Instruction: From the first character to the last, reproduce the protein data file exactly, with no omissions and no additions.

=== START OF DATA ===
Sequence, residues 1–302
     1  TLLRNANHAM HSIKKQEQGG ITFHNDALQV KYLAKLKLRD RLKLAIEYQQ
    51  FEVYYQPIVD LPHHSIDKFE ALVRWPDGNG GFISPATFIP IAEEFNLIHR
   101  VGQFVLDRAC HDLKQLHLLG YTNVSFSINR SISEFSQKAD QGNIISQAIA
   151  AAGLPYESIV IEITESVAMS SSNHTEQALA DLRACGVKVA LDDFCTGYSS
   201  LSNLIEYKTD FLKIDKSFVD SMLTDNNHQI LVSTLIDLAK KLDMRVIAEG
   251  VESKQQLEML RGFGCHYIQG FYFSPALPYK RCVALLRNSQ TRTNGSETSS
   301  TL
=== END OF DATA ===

Sequence, residues 1–302
     1  TLLRNANHAM HSIKKQEQGG ITFHNDALQV KYLAKLKLRD RLKLAIEYQQ
    51  FEVYYQPIVD LPHHSIDKFE ALVRWPDGNG GFISPATFIP IAEEFNLIHR
   101  VGQFVLDRAC HDLKQLHLLG YTNVSFSINR SISEFSQKAD QGNIISQAIA
   151  AAGLPYESIV IEITESVAMS SSNHTEQALA DLRACGVKVA LDDFCTGYSS
   201  LSNLIEYKTD FLKIDKSFVD SMLTDNNHQI LVSTLIDLAK KLDMRVIAEG
   251  VESKQQLEML RGFGCHYIQG FYFSPALPYK RCVALLRNSQ TRTNGSETSS
   301  TL